MTA Raises Subway Speed Limits at 24 Locations
The speed limit increases are part of NYC Transit's Save Safe Seconds campaign, which aims to efficiently and safely reduce travel time for subway customers.
The MTA New York City Transit recently announced it has implemented increased speed limits at 24 of the 68 locations where increases were approved by a safety committee. The transit agency called this progress in its ongoing efforts to safely increase subway speed limits and move customers more quickly throughout the system, reporting that it has also identified approximately 320 inaccurate timer signals and has recalibrated 59 of them. A new speed sign at the City Hall station on the R Subway line more than doubled the speed limit there from a system-wide low of 6 miles per hour to 15 mph.
The speed limit increases are part of NYC Transit's Save Safe Seconds campaign, which aims to efficiently and safely reduce travel time for subway customers. A team of employees known as the "SPEED Unit," which stands for Subway Performance Evaluation, Education and Development, was assembled in 2018 and has traversed almost every mile of track , conducting tests to determine whether or not certain segments of track might be able to support higher speeds than currently permitted. The team also tested the accuracy of speed regulating signals called "grade time signals" or "timer signals," with 95 percent of some 2,000 such signals tested since the initiative began in summer 2018. Approximately 320 faulty timer signals were discovered.
"I have directed my team to identify and resolve every root cause of delay; in doing so, we can then implement the right fix, often for little or no cost," said NYC Transit President Andy Byford. "The SPEED Unit continues to examine hundreds of miles of track to find areas where we can safely increase speeds. Their work is absolutely essential and demonstrates that New York City Transit employees are fully committed to making tangible changes that will improve service for our customers. I look forward to announcing additional improvements soon and commend all of our workers who are doing their part each and every day to 'Save Safe Seconds' for our customers."
The committee includes members of NYC Transit's Office of System Safety, as well as other personnel who work on operations planning, service delivery, and track and signal maintenance and repair.
On Jan. 24, in a similar move, New York City Mayor Bill de Blasio announced the city will speed up buses citywide with dedicated NYPD teams towing cars parked in bus lanes in all five boroughs. The city has set a goal of boosting bus speeds by 25 percent by 2020, using increased enforcement and street redesign. "It shouldn't be so hard to get around the greatest city in the world," de Blasio said. "Buses are a critical link in our public transportation system, but too often they are painfully slow. I hope all New Yorkers get the message that we have to keep bus lanes clear to get people moving and to work on time."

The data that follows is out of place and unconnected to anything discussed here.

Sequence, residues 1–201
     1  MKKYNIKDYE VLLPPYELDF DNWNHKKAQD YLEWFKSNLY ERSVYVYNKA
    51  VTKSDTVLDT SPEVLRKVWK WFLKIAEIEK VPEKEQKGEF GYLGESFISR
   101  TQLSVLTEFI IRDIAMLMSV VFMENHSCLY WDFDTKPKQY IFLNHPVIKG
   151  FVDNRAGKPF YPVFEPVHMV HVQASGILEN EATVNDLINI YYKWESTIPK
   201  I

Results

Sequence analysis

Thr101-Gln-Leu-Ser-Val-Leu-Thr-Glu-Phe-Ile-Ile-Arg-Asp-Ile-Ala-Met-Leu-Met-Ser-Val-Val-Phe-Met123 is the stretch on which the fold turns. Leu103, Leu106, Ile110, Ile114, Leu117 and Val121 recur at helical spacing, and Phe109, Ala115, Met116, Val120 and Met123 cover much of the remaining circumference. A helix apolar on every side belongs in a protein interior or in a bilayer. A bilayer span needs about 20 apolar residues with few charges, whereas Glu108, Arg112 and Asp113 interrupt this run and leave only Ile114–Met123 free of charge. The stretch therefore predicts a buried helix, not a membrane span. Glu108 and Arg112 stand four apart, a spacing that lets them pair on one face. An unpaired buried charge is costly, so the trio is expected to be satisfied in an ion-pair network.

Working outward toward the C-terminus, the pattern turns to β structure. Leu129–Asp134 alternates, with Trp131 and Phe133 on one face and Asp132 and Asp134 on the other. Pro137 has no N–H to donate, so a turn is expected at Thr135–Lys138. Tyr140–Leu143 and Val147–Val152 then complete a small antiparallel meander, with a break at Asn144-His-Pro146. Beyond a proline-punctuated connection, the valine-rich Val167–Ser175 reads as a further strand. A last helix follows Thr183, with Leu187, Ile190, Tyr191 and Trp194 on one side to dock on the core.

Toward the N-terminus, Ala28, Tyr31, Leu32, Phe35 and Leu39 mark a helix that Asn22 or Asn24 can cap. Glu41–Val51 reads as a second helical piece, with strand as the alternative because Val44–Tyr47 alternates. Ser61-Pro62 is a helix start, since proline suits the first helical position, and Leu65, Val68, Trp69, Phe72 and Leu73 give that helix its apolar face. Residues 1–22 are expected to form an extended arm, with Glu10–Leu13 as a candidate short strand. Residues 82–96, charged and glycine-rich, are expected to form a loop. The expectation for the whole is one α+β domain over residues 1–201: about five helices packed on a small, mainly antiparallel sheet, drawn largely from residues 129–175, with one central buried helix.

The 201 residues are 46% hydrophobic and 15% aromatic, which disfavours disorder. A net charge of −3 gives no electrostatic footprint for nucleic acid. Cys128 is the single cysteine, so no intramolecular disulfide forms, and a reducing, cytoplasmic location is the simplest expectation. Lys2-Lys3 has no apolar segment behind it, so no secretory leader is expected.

Meanwhile, MTA Metro-North Railroad announced Jan. 22 that nine of its employees have been recognized for working together to save an unresponsive customer on board a train. Metro-North President Catherine Rinaldi thanked the employees for their extraordinary efforts and teamwork at a meeting of the Metropolitan Transportation Authority Board's Metro-North Committee.
The incident happened on Dec. 20, 2018, on the 5:17 p.m. train from Grand Central bound for Wassaic. A customer cried for help because a fellow passenger was lying prone on the train floor; it looked like he had stopped breathing, and his face was blue. General Foreman Jason Tiller, who was on the train platform, placed a radio call to the MTA Police Department and Metro-North's Fire Brigade, and Assistant Conductor John Hagan cleared a path so first responders could get to the customer in distress as quickly as possible.
After receiving Tiller's call, Laurence Jacobs, Grand Central Terminal Fire Brigade assistant chief; Sohail Peter, a Grand Central Terminal Fire Brigade volunteer; and MTA Police officers were at the scene. Jacobs and Peter took the reins from an off-duty Emergency Medical Technician who happened to be on the train and was performing manual CPR on the victim.
Jacobs and Peter moved the man from the aisle into an open space in the car and then administered two shocks to his chest with a defibrillator. "You approach every emergency scene with confidence, ready to help and with good thoughts for the person's recovery," said Peter, who works as a custodian for Metro-North and has been volunteering for the Fire Bridge for 17 years. "Shortly after we started working to resuscitate the man, we felt a pulse, and he started breathing again. That was the greatest moment."
MTA Police officers waved down an ambulance, which transported the man to the nearest hospital. He has since been released and has made a full recovery, MTA Metro-North Railroad reported.